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Pax 2012: Day 2

Pax 2012: Day 2
Saturday sort of began as an adrenaline rush after I got to the expo hall. I had left most of the stuff at my booth at the expo hall overnight, which is what most people do. Nobody is going to steal anything from other exhibitors, and plus there’s security roaming around. However, I did have this paranoid fantasy that I would forget something integral to the whole Super Pretendo set up.

When I got to the booth I started setting up everything and then I freaked out when the announcer called over the loud speaker “15 Minutes until the expo hall opens to the public.” I couldn’t find my SNES controller, and I was thinking “God damnit, that SNES to USB controller is actually pretty rad and someone would take it if they realized what it was…” and I frantically searched all around the booth for it. I wasn’t just going crazy for no reason though. See, back in E3 2009 I was demoing the first version of Snapshot at the IndieCade booth and someone actually did try to jack my Xbox360 controller from the booth overnight. Somehow we were able to find it a few booths down (we knew it was mine because it was specifically marked and it was actually pulled out of the computer by the connection at the end of the cord and not the actual USB plug.) Ever since then I’m always paranoid about leaving stuff in expo floor booths overnight.

After about 10 minutes of searching I moved my backpack and out from underneath it came the SNES controller. I calmed myself down and got everything set up and ready to roll for day 2 to start.

PAX Round 2

So far I was doing pretty well on traffic. I was giving out some Offspring Fling pins that I ordered a few months ago, as well as business cards, and postcards. The postcards were the coolest thing because they looked like the Super Pretendo box art, and that was another factor of getting people to double take at the sight of my booth.

The reactions that I was getting throughout the show were the best. Often times people didn’t realize that I was the developer of the game because I just looked like some dude hanging around the booth. I should really get a shirt or something that makes it obvious that I’m the developer, but sometimes I also like just blending in. There were quite a few times where a few people would walk by the game and ask each other “Holy crap is that a new Super Nintendo game?” Then they would all start speculating as to what could be going on. “No way, is that really hooked up? I’ve never seen this game before. Is this a remake of an old game or something? That thing looks like it’s really hooked up to the TV though…”

If people were speculating out loud, I usually didn’t interrupt them until they directly asked me something. If they believed that it was actually a legit 16 bit game running off of the cartridge, then I wouldn’t shatter their fantasies unless they asked me to. I didn’t always want to just reveal the fact that I was running the game off of a laptop underneath the booth because the mystery of a FC Twin supposedly running an indie game seemed too perfect.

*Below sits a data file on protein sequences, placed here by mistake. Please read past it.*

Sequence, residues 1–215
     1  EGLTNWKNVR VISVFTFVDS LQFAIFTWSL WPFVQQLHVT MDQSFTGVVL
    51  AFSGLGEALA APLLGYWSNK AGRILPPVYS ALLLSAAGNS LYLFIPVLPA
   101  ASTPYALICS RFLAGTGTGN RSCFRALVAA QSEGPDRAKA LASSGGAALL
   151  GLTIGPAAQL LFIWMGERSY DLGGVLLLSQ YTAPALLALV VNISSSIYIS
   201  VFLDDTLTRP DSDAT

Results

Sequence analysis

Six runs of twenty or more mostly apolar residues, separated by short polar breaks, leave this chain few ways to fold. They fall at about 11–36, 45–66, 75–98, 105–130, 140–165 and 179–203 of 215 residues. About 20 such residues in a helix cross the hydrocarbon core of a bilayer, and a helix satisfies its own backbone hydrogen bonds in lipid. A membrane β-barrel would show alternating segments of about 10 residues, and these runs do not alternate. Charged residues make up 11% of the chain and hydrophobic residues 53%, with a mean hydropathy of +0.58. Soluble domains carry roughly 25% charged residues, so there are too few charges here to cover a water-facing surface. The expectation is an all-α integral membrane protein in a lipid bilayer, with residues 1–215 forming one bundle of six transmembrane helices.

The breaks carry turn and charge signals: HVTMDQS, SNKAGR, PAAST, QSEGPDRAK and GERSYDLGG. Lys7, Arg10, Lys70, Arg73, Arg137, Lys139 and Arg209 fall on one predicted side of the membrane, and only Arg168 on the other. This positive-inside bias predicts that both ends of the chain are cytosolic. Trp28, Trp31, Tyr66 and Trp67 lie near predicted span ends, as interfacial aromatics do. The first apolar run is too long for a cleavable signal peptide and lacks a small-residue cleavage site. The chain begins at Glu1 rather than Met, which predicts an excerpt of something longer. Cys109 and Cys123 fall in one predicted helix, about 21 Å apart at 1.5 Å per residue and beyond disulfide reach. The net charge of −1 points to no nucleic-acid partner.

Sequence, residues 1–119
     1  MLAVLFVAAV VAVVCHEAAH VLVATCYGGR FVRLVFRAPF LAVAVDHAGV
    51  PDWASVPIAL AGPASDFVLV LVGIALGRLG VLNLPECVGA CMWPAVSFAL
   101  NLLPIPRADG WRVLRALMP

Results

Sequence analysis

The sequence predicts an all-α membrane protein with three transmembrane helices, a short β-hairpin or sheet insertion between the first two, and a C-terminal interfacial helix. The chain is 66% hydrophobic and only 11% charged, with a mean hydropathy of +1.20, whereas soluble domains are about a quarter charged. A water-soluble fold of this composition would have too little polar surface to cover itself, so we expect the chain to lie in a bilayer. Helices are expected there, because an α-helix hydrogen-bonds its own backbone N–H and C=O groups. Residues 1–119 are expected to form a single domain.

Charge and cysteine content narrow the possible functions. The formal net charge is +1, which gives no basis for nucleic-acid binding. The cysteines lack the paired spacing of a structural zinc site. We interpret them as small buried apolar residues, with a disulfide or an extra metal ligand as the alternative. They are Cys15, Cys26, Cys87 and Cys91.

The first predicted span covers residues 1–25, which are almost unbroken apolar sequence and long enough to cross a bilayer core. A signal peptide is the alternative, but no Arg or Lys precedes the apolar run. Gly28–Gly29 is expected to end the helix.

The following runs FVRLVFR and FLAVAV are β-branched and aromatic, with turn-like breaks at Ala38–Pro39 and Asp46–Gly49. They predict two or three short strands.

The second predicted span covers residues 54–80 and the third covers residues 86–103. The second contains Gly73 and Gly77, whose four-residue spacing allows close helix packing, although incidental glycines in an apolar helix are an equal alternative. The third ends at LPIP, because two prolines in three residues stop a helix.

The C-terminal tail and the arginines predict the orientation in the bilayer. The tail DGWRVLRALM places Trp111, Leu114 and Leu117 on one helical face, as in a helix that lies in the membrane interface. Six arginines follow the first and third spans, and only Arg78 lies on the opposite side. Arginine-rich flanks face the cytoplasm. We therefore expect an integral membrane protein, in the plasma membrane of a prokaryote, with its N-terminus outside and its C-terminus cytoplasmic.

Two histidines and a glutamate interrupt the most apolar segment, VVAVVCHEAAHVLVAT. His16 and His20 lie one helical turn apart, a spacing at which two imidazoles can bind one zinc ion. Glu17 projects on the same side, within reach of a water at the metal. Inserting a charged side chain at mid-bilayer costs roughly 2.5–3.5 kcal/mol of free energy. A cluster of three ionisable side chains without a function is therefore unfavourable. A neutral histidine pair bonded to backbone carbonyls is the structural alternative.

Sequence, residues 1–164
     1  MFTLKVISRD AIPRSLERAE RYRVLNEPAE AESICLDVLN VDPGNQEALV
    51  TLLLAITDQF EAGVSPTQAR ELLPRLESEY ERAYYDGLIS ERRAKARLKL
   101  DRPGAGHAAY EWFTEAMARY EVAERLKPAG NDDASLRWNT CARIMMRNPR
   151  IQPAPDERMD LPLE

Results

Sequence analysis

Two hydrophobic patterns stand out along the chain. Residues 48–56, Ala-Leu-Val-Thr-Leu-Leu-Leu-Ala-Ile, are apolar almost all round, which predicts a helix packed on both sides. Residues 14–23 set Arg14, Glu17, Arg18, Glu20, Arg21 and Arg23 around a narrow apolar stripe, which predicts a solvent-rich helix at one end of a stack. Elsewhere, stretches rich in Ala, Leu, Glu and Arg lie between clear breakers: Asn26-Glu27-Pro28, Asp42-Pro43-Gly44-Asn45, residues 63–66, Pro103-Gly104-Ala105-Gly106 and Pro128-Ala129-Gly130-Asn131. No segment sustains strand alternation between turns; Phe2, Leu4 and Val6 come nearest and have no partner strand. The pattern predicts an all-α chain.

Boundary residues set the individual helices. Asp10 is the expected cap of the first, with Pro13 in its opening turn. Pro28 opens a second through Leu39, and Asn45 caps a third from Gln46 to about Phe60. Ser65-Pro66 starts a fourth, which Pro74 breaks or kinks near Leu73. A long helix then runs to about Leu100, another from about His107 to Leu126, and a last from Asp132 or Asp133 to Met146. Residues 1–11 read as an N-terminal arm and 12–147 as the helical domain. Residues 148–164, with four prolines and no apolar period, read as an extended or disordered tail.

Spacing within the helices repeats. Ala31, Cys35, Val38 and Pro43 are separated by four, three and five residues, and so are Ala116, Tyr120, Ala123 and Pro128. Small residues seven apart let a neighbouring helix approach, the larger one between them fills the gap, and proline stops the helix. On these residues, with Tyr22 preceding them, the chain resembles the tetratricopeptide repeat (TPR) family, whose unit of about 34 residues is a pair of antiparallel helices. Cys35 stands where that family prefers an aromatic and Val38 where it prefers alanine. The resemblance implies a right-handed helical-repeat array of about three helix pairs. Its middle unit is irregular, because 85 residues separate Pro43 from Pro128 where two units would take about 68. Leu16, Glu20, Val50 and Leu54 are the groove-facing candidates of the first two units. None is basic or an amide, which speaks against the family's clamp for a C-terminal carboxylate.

It turns out that a lot of people actually wanted to buy a cartridge version of the game. I think about 25% of people that actually stopped by the booth were asking about buying a cartridge. I wish this was possible somehow, but I don’t actually think there’s any way to get the game running on actual Super Nintendo hardware. The resolution of the game starts off at a commanding 640 x 480, which is pretty far out of spec for the SNES. Aside from that I don’t even know how the hell I would start actually programming anything for the Super Nintendo.

PAX also was a good way to remind me how bad I actually am at marketing. A lot of times in the whole indie game scene it’s easy to think that a game must be super popular, and everyone has heard of it and has it. I would say about 90% of people that came by the Offspring Fling booth had never even heard of Offspring Fling before, and didn’t realize that it was already available on Steam. I didn’t feel too bad about these interactions, but it did remind me how huge the gaming population is and how difficult it is to actually reach out to these people. I am super thankful that I was able to be in the PAX10 and get the kind of awesome exposure that I did.

Other than the cartridges, a lot of people wanted to buy plushies of the characters in the game and now I’m realizing how unprepared I was for PAX. I saw a lot of other booths around giving out and selling all kinds of awesome and cool stuff, and I really thought that I would be amazingly prepared with my Super Pretendo set up just demoing the game, but pretty much when I showed up I immediately felt like I didn’t do my homework. Hell, the freakin’ Vlambeer booth was set up like a massive shopping mall of merch and I was feeling so jelly of Rami and his crew when I saw how awesome it looked!